There are usually two extremes regarding what to do with a loved one’s personal items. Some people get rid of everything with the idea that it will take away the pain of their memories, while others keep everything exactly as the deceased person left them. Each of these reactions show us that there hasn’t been an acceptance of the loss, and so it is advisable to help that person to assimilate their loss. There is no ideal way to do this, but we should avoid falling into extremes. The healthiest thing is to dispose of things or give them away little by little, as and when we feel strong enough to do so. However, we should bear in mind that keeping those things that have more sentimental value will help us to remember the person with greater affection.
9.Does time heal everything?
Time doesn’t heal everything, but, without a doubt, it offers perspective. By the passing of time and with new experiences along our road, we distance ourselves from the painful event in some way. This brings us to the point when we have to choose between one attitude or another: we can have a defeatist attitude or we can have an attitude of overcoming. Time helps us rethink these things.
10.When is the mourning over?
The mourning ends when we start to show interest in life again. When our energies are focussed on relationships, on ourselves, on our work projects and on feeling better, then we’ll begin to renew our enthusiasm for life. It is then when we’ll be able to remember with affection, and with nostalgia , The memories won’t cause constant pain anymore.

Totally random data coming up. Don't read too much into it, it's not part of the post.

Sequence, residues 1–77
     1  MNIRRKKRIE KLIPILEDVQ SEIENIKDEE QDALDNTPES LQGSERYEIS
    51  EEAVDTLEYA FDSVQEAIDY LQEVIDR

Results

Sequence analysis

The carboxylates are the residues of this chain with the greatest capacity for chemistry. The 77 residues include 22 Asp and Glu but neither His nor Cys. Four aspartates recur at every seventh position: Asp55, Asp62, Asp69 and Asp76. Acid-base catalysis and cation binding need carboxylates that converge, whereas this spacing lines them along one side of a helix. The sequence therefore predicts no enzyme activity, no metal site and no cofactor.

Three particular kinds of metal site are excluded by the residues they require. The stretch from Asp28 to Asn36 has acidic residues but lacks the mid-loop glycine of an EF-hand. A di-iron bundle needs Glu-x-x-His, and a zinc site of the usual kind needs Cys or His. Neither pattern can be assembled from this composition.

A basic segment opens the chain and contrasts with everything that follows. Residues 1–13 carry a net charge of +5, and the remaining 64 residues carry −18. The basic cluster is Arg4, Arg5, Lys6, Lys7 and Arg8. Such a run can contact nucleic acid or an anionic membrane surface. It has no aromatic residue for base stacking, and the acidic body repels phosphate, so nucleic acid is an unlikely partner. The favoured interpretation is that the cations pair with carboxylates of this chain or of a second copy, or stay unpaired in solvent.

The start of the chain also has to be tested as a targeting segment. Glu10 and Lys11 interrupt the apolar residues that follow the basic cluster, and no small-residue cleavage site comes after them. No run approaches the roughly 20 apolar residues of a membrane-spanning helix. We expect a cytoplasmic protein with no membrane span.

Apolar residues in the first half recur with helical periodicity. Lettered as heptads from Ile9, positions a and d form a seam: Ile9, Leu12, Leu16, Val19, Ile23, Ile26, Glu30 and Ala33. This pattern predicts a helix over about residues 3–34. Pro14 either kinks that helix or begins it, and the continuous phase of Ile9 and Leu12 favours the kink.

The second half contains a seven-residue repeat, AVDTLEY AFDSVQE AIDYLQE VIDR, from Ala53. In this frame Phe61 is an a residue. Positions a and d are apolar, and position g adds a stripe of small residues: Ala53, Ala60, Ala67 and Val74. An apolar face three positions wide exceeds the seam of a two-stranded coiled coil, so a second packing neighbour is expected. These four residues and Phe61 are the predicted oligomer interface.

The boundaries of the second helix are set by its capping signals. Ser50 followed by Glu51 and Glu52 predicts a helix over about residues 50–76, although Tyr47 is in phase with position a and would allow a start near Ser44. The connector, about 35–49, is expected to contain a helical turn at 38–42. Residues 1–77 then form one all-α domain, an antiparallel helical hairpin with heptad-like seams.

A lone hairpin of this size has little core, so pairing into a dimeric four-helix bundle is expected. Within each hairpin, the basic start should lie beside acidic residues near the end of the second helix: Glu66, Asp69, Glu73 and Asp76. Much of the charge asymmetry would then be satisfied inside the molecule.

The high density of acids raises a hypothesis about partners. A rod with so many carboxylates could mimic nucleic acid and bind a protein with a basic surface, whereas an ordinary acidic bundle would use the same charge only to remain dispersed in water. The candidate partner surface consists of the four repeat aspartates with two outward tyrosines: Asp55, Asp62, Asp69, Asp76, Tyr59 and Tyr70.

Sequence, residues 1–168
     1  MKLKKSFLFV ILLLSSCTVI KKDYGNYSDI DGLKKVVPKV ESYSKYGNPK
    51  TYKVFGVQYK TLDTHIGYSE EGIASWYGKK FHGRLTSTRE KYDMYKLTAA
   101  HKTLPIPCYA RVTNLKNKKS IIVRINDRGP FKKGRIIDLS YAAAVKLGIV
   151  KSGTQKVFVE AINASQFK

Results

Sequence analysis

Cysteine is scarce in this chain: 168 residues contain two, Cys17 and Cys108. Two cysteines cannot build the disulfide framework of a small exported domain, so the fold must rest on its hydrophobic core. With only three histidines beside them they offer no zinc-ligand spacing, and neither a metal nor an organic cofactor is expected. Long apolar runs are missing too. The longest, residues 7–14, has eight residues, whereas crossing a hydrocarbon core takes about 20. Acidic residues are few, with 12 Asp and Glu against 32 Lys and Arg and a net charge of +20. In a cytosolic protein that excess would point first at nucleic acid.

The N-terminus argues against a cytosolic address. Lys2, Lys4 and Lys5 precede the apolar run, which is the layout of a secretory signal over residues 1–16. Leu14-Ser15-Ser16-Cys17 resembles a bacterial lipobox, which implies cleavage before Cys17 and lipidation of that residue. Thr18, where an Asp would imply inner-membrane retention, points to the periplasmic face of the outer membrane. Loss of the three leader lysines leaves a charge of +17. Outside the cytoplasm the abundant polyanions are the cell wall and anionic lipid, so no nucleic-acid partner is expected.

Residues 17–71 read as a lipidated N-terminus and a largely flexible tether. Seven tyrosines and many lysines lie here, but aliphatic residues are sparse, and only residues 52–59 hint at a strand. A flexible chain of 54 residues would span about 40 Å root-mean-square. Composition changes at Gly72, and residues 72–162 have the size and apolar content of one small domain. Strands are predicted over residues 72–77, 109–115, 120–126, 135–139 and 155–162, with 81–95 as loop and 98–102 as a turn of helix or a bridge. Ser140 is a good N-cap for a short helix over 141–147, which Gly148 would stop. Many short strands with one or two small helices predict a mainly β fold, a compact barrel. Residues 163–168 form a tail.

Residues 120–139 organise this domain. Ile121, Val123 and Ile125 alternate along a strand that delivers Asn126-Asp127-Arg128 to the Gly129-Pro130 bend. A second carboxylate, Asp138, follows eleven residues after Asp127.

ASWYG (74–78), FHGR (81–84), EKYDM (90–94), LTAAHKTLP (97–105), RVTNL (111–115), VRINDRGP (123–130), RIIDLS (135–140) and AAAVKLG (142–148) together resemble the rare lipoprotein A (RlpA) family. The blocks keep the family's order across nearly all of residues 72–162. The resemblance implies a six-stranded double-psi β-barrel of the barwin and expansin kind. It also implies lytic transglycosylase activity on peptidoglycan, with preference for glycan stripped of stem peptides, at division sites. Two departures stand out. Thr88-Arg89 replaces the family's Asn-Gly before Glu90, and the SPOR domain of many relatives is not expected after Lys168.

11. What can I do with everything I’m experiencing and feeling?
After the whirlwind of emotions and sensations that have taken hold of us, we are faced with how useful this painful experience will be in our lives. Each of these events has an intimate meaning that we have to work through, explore and decipher in order to build our lives again. It may help us to write about it, to listen to music that helps us to process our emotions or to perform some meaningful activity. This will help us to be thankful for the deceased person, and remember them with affection. We’ll be conscious that they will never leave us because they will remain inside us as memories and lessons. We will be their very essence, an essence that will never disappear.
Main illustration by Mayra Arvizo